Editor's note: Robert M. Danin is the Eni Enrico Mattei senior fellow at the Council on Foreign Relations. He headed the Office of the Quartet as the representative of Tony Blair's Jerusalem mission from 2008 to 2010. He previously served as deputy assistant secretary of state for Near Eastern Affairs, and as director for the Levant at the National Security Council.
The Arab League's decision to impose sweeping sanctions on Syria, a move followed by Turkey, reflects an unprecedented level of collective action by the historically moribund regional body. The Sunday vote by 19 Arab states to punish Syria further isolates Damascus and undermines President Bashar al-Assad's self-proclaimed role as the dominant voice of Arab nationalism.
Indeed, the activist role adopted by the Arab League as the 2011 Arab uprisings unfold has been a surprising development: Following decades of issuing lowest common denominator communiques, the league is rapidly emerging as a key regional actor.
The Arab League's strong condemnation last spring of Moammar Gadhafi's brutality easily could have been dismissed as a one-off, given the Libyan strongman's success at enraging most Arab leaders over the years. Yet by following up its suspension of Syria from the organization with tough sanctions, it's clear the Arab League is taking on a more muscular role in the unfolding regional drama.
There are four main reasons for this new Arab League approach:
First and foremost: The Arab uprisings themselves. If nothing else, the protests of 2011 brought the power of Arab public opinion front and center. Gone are the days when Arab leaders could act with total disregard for their people's opinions. Public opinion throughout the Arab world resoundingly disapproved of Gadhafi's behavior, and now of Assad's. This sentiment is motivating Arab leaders to respond to their people's anger, through the Arab League.
The corollary to this is Arab leaders' fear that if they stand idly by while Assad slaughters Syrians, popular resentment could boomerang against them. Whereas popular discontent was traditionally channeled toward Israel and the West, collective Arab opprobrium is now targeted at brutal Arab regimes. If they fail to act, many Arab leaders could suffer political heartache and more popular unrest at home. Getting ahead of this demonstrates that they respond to public opinion, and it helps deflect popular discontent away from domestic issues.
On the geo-strategic level, Arab League activism is motivated by a desire to keep the Arabs in the drivers' seat. With the United States largely over the horizon, Arab docility only creates windows of opportunity for non-Arabs to muck about in Middle East diplomacy.
Turkey has not succeeded in creating a leading diplomatic role for itself in the region, despite efforts to play an active role in Libya, Yemen and other hot spots. The Arabs want to ensure that this remains the case. Hence, Ankara was relegated to supporting the measures adopted by the Arab League, not initiating them.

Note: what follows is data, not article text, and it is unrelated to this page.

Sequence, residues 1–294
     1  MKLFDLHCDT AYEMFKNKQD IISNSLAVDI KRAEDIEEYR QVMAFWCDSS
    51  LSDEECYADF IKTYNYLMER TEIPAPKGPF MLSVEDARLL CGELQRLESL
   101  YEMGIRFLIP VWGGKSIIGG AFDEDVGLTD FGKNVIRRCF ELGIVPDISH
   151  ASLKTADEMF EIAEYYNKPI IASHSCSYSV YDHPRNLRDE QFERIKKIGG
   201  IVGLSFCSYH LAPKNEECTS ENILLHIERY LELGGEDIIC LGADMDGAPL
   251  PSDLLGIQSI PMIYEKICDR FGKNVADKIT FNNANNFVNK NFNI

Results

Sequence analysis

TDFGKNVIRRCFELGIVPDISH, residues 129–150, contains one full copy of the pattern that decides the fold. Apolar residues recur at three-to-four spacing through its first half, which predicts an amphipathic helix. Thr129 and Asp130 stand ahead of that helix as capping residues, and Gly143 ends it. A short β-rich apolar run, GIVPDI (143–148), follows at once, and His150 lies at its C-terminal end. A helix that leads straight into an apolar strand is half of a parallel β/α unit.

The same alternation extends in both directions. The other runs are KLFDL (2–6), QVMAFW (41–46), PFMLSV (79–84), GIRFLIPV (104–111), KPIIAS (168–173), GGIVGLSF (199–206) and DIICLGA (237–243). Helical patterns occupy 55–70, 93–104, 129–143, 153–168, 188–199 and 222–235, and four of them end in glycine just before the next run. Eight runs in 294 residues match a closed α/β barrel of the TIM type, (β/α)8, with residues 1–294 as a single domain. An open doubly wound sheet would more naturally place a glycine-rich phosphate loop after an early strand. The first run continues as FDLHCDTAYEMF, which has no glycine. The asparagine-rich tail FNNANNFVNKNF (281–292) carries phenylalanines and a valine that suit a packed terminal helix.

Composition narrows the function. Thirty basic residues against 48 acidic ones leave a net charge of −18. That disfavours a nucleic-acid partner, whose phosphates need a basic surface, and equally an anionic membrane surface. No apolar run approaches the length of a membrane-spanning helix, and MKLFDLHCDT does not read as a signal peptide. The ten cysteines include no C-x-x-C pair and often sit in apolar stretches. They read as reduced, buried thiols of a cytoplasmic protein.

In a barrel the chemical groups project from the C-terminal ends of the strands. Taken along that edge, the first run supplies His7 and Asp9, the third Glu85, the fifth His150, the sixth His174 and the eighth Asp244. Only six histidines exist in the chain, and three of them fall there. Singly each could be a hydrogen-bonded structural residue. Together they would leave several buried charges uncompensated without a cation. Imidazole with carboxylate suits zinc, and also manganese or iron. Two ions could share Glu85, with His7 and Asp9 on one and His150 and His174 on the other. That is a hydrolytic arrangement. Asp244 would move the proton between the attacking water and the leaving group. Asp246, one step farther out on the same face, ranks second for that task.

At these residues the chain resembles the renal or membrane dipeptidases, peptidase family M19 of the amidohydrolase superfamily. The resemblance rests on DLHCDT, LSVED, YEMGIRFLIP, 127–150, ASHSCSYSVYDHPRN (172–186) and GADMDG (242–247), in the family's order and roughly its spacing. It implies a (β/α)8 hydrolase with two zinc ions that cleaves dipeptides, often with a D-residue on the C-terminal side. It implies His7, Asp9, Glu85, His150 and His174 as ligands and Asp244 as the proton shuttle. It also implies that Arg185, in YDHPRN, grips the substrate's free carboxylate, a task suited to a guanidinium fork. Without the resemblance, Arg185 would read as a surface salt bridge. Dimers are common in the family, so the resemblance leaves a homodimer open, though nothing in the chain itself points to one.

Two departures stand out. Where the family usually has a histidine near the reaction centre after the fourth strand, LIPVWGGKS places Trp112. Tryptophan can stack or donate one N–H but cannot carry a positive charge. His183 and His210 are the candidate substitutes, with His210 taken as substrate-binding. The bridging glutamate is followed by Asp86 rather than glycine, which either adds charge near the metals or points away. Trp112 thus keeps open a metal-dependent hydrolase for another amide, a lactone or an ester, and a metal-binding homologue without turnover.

The other geo-strategic explanation for Arab League activism is Iran. The Arabs, particularly the Gulf states, have long decried Iran's encroachment in Syria, Lebanon, and the Palestinian territories. Isolating Iran's key strategic ally in the region -- Assad's Syria -- provides a significant opportunity to roll back some of Tehran's regional gains.
Already, Hamas' Damascus-based leadership is looking for a new home and behaving with greater restraint. And when Iran was seen to be meddling in Bahrain's sectarian struggle earlier this year, the Gulf states brutally crushed it -- collectively. With the United States withdrawing from an Iraq they see as now heavily influenced by Iran, the other Arab states have even greater incentive to band together.
In taking strong actions, the Arab League claims to want to stave off foreign intervention in Syria. Qatar's Prime Minister Hamad bin Jassim hinted at this when he said that he "hoped" the Arab League's sanctions would obviate the need for foreign intervention. In the short term, a more active Arab role may indeed make non-Arab nations hesitate to get involved -- but as was the case in Libya, the Arab League might actually be providing the necessary regional legitimacy for outside intervention.
This Arab League activism may signal a new regional norm analogous to the United Nations' "responsibility to protect." The Arab League has effectively joined the international rejection of the three-century old Westphalian system that enshrined the nonintervention of one state in the domestic affairs of another state.
Arab leaders can no longer turn a blind eye to the abhorrent behavior of fellow Arab rulers. This is a welcome development, one that could head off other foreign interventions in the Middle East and encourage further collective action against brutal acts some Arab leaders perpetrate against their own people.
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